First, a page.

Thursday, October 24, 2013

Tetrahedral Structures ala Bit-Player

The wonderful blog entry found here by Brian Hayes at Bit-Player was inspirational and led me to an area that I had long thought barren! I recently got my son some of the Geomag sticks and ball bearings and playing with them I got the impression that they were fun, but the models that I could make were limited. Well I was SO wrong. In his blog entry Brian Hayes introduced me to the tetrahelix, but also issued an irresistible challenge concerning a bridge that he built. He said "The result (below) is no longer a helix at all but a weird sort of bridge with an arched spine and two zigzag rails. If you extend the arc further, will the two ends meet to form a closed loop? I don’t have enough Geomags to answer that question." I just couldn't resist. I modelled it on Mathematica and was eventually led to a notation for a chain of attached tetrahedrons. I started by labelling his original figure

I started with arbitrarily numbering the vertices of the tetrahedron on the end.  From this, I could specify the next tet by writing down the vertex that was reflected through the plane of the other three.  For example, in his picture above, 1 was reflected to 1'.  I continued this forward to get the sequence:


The great thing is this repeats!  The unit is {1,4,3,2,4,1,3,4,2}.  The natural questions now just flood in with this notation.  For example, I can do random walks using this sequence.  Also, I believe the fact that this structure curves is due to the over abundance of the number 4. For example, the unit {1,2,3,4} leads to the tetrahelix (as do all of the permutations of this unit) which makes me believe that there is definitely some deeper math going on here.  For example I believe an even permutation leads to a right-handed helix and an odd permutation leads to a left-handed helix.  Anyway, I found with 95 steps using the above unit, the ring comes close, but does not close as you can see below.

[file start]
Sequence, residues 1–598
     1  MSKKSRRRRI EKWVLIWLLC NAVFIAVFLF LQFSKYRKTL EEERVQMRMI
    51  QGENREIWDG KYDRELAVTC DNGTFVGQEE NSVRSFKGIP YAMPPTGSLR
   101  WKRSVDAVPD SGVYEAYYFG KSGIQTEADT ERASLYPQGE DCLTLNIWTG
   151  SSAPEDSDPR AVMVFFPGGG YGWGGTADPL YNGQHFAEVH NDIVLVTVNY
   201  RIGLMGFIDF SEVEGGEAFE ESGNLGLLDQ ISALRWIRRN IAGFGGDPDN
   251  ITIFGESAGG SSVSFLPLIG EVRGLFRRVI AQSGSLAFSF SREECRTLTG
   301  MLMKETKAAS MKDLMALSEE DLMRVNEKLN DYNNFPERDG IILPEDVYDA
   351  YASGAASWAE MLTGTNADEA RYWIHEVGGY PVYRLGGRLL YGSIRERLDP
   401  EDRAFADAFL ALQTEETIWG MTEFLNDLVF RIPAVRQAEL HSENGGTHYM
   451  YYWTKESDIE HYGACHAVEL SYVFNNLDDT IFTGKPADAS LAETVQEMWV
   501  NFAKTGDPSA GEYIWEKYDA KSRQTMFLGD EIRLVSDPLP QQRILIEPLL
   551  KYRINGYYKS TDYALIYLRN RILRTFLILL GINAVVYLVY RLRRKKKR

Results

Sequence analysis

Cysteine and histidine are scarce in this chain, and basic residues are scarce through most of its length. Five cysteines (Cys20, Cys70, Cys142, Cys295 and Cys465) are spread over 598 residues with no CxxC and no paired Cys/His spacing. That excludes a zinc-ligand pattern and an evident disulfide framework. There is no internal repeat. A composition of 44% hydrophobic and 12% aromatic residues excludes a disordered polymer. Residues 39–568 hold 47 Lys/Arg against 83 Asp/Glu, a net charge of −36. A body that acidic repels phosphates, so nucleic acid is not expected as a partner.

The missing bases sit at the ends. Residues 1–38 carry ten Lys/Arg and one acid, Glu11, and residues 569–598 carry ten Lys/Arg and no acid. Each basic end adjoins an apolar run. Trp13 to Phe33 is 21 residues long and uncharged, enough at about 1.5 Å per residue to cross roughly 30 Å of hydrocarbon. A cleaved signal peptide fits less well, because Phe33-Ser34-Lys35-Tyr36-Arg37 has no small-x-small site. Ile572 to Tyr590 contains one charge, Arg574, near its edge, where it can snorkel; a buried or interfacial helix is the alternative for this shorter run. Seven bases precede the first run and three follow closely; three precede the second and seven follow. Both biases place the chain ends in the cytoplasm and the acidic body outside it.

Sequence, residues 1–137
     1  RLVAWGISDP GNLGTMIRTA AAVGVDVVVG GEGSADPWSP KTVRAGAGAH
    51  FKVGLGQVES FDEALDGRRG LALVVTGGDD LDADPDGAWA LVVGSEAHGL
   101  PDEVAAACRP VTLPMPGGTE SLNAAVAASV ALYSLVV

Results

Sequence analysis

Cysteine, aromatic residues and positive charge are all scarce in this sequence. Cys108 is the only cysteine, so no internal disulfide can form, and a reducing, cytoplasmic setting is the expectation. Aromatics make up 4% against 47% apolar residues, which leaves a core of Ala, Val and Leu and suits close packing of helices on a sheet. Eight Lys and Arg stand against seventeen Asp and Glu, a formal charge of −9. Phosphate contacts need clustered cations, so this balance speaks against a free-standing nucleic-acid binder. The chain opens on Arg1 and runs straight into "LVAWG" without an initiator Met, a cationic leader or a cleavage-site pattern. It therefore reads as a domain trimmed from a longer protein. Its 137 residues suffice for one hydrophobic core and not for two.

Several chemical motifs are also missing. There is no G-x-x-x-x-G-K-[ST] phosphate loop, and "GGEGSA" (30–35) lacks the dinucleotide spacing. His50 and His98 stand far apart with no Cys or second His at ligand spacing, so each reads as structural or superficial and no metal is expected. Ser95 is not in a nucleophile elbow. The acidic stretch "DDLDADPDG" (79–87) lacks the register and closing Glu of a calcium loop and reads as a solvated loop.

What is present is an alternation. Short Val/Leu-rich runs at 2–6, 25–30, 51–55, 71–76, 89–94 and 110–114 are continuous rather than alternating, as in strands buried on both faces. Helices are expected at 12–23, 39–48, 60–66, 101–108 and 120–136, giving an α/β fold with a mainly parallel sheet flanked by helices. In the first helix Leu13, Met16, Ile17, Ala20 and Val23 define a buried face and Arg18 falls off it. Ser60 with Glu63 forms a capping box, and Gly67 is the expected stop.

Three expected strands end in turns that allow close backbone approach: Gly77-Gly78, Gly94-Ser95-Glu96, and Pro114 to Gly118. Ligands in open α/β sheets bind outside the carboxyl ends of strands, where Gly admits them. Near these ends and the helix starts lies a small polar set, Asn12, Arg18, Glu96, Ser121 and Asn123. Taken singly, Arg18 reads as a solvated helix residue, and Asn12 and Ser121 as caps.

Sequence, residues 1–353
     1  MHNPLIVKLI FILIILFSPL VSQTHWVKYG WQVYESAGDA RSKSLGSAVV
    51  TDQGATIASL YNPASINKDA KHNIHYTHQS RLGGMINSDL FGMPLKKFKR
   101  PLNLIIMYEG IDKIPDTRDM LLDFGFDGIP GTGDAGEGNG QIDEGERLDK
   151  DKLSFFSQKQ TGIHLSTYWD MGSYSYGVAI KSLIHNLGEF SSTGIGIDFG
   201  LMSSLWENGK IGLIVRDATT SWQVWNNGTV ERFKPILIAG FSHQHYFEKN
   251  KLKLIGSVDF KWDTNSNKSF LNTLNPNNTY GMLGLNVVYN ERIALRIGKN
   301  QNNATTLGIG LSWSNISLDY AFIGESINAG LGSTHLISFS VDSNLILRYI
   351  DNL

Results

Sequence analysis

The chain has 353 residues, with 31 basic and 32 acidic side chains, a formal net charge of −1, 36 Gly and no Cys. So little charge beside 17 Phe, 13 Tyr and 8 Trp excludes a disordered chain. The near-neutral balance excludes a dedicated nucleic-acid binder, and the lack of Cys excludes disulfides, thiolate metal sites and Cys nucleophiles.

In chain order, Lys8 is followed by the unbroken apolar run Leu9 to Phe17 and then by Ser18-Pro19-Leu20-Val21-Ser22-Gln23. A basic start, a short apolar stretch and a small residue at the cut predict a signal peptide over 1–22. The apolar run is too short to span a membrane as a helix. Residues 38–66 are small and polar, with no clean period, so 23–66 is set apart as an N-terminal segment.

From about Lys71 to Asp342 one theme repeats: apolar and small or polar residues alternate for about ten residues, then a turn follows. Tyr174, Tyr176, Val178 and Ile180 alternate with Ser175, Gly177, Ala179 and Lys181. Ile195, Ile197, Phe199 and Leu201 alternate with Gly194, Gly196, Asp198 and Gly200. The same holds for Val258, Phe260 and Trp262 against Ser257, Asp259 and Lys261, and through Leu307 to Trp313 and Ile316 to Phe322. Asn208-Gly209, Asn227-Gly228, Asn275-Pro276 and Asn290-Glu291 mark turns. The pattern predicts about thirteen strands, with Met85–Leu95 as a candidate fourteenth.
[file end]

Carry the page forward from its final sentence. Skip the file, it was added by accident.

This made me wonder if any units can actually close after repeating.  I think not, but I haven't checked yet.  I imagine that if you are dealing with units, an integral multiple of the unit would have to match up with the full circle.  But then, you could meander away and then come back, or you could have a non-repeating number that closed on itself.

Anyway here is a short cdf where you can explore units up to 6. 

I have not worried about intersection, and if you relaxed the requirement that consecutive numbers aren't equal (this just flips a tet back to where it started) you can make any tetrahedral structure, you just label the tetrahedra sequentially. When you get to the end of a limb, you reflect the sequence till you get back to the main line.  This is not the best way of doing things, but it seems to be complete.  Anyway, many more things to explore!  I think I have to invest in a few more Geomag sets.
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